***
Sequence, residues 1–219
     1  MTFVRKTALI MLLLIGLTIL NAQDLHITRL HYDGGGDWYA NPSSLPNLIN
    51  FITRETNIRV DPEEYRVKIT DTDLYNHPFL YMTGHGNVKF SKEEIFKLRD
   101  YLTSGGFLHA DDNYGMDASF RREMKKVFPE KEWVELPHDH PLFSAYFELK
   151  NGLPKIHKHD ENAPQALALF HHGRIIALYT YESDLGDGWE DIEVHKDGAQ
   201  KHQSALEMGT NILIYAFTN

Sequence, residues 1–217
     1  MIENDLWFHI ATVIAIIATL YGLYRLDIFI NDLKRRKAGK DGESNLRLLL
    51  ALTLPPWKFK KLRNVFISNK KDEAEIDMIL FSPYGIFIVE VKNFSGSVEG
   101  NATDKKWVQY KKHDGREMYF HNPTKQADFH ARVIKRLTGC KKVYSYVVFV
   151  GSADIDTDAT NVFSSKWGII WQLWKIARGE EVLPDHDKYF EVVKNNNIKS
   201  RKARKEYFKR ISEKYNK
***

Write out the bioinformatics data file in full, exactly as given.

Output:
Sequence, residues 1–219
     1  MTFVRKTALI MLLLIGLTIL NAQDLHITRL HYDGGGDWYA NPSSLPNLIN
    51  FITRETNIRV DPEEYRVKIT DTDLYNHPFL YMTGHGNVKF SKEEIFKLRD
   101  YLTSGGFLHA DDNYGMDASF RREMKKVFPE KEWVELPHDH PLFSAYFELK
   151  NGLPKIHKHD ENAPQALALF HHGRIIALYT YESDLGDGWE DIEVHKDGAQ
   201  KHQSALEMGT NILIYAFTN

Sequence, residues 1–217
     1  MIENDLWFHI ATVIAIIATL YGLYRLDIFI NDLKRRKAGK DGESNLRLLL
    51  ALTLPPWKFK KLRNVFISNK KDEAEIDMIL FSPYGIFIVE VKNFSGSVEG
   101  NATDKKWVQY KKHDGREMYF HNPTKQADFH ARVIKRLTGC KKVYSYVVFV
   151  GSADIDTDAT NVFSSKWGII WQLWKIARGE EVLPDHDKYF EVVKNNNIKS
   201  RKARKEYFKR ISEKYNK